Look out for the following signs: –
Tender young growth may be damaged by spring frosts, causing scorching and pale brown patches to appear between the leaf veins. This tends to be on the exposed and top edges of the plant e.g. acer and carpenteria
Hard frost in winter can cause the leaves of hardy evergreen plants to be scorched and turn brown, and may eventually lead to the death of the plant, e.g. bay and pittosporum
The foliage of tender perennials e.g. dahlia and canna may be blackened by the first frost of autumn. Stems usually collapse
Spring frosts can damage blossom and young fruits. This may cause a corky layer to form at the flower end of the fruit i.e. apple and damage to blossom may lead to few or no fruits forming
As a result of late spring frosts summer bedding plants and tender vegetables, such as potatoes and tomatoes, may suffer from leaf scorch, browning and even total plant death
Prolonged periods of frost may cause spotting on the leaves of some shrubs such as photinia and garrya
The foliage of certain plants exhibiting early symptoms of frost damage appears water-soaked and dark-green, turning black in time
Ground frost occurs when the temperature of the ground falls below freezing point (0ºC/32ºF) and air frost occurs when the temperature of the air falls below freezing point. Plant cells can be damaged or even destroyed by frost. Repeated freezing and thawing, or very rapid thawing can be particularly damaging to plants. Once the temperature has fallen below freezing, a strong wind can make a frost more damaging. Cold winds remove moisture from evergreen foliage more quickly than it can be replenished by the roots; this can cause leaf browning particularly at the tips and margins. Tender plants survive the winter better when they are planted in a sheltered sunny position. This is because new wood is ripened by the sun accumulating more carbohydrates during the growing season, making it more frost resistant. Newly planted, young plants can be more susceptible to frost damage than fully established specimens. Cold air naturally flows downwards on sloping ground, collecting at the lowest point or against a barrier, this is known as a ‘frost pocket’.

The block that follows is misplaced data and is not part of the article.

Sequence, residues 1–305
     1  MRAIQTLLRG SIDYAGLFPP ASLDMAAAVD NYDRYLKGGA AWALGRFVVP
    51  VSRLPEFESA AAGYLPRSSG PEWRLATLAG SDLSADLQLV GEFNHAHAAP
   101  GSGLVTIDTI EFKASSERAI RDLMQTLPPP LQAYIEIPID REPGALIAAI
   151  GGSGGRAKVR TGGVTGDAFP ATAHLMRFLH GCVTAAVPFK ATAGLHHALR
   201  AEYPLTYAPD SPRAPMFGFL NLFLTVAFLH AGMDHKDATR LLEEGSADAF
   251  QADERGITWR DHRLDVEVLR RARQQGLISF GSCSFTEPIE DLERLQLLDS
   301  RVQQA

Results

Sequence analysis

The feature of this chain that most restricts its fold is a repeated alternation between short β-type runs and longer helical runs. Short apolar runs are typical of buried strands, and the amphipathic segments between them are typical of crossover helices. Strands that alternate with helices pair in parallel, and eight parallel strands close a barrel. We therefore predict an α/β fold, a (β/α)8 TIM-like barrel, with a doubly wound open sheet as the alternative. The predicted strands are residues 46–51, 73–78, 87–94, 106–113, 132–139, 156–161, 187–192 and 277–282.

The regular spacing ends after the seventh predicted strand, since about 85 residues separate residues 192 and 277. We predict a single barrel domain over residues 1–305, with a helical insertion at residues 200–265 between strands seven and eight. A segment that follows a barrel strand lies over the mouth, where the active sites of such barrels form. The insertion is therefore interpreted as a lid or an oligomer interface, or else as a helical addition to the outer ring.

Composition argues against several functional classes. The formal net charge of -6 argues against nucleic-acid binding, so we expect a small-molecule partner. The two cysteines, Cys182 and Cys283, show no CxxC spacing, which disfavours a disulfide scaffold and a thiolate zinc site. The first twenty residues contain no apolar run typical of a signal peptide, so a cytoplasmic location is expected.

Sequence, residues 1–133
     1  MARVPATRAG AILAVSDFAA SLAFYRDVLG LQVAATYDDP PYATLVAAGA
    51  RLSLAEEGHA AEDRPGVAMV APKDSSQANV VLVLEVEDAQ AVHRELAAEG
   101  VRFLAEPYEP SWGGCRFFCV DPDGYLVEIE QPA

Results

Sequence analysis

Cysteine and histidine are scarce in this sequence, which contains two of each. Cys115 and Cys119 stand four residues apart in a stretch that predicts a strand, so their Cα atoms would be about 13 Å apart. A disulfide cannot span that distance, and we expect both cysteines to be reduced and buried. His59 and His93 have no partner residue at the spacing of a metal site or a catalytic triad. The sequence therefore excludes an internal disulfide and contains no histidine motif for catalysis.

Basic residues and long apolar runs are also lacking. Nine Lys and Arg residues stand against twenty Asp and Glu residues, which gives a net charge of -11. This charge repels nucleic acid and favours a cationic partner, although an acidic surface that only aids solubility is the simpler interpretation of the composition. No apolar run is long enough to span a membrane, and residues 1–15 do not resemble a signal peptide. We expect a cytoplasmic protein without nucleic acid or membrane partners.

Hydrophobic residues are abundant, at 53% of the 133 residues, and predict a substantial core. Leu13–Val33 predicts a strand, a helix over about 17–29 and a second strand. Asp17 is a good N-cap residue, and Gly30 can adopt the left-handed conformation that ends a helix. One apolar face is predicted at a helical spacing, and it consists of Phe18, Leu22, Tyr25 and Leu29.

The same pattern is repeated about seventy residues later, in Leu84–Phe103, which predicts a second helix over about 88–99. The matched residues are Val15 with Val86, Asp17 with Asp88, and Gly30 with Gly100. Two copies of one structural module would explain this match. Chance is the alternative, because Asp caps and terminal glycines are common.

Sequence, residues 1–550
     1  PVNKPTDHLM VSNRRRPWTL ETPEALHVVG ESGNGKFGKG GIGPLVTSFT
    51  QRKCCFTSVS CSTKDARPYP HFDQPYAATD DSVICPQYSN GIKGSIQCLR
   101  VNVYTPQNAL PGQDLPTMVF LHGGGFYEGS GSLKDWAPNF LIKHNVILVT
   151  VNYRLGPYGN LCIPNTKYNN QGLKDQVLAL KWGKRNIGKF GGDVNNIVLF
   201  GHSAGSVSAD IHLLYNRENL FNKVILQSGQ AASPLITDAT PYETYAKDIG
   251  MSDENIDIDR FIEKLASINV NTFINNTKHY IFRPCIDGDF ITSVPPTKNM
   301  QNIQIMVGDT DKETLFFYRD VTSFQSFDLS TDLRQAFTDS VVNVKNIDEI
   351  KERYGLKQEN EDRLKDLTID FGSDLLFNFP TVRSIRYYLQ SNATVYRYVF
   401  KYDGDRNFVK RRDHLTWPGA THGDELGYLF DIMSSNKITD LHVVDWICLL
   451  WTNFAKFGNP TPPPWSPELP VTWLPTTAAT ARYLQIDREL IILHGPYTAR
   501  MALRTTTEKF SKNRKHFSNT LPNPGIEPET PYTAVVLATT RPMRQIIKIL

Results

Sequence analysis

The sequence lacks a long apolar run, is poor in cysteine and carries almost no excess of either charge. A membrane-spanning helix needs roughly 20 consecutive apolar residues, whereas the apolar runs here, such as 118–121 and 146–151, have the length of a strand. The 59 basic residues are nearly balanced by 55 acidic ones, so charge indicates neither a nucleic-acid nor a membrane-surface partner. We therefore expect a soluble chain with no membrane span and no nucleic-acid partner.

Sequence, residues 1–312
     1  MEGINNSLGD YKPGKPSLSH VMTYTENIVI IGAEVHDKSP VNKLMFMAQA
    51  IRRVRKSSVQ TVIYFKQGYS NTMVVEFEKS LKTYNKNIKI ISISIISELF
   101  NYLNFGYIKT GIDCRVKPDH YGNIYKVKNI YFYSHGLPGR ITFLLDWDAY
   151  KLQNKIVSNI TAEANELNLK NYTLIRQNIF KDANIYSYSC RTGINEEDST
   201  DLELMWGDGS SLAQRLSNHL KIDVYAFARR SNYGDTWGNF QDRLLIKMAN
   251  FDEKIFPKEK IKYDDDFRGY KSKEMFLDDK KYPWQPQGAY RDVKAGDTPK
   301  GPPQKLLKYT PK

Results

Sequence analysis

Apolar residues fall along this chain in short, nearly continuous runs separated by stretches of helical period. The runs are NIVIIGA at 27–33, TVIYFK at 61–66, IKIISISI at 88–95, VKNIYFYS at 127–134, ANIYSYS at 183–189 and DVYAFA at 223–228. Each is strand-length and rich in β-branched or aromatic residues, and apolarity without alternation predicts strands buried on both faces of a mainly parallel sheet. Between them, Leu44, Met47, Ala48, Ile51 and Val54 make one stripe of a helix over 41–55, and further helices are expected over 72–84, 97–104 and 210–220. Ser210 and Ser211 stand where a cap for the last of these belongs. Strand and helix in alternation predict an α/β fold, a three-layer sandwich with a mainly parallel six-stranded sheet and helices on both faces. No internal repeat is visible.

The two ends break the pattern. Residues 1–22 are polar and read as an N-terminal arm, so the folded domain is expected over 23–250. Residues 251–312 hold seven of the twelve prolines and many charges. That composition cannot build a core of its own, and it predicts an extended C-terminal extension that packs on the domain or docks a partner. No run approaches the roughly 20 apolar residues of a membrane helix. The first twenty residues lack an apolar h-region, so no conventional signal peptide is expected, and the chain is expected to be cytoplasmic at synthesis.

Prevention of damage
There are a number of ways to keep your plants safe during cold weather:-
Choose plants that are reliably hardy and suited to your growing conditions. The RHS Plant Selector can help you choose hardy plants
Slightly tender plants should be grown in a warm sunny spot, e.g. against a south-facing wall, which will provide some extra warmth and winter protection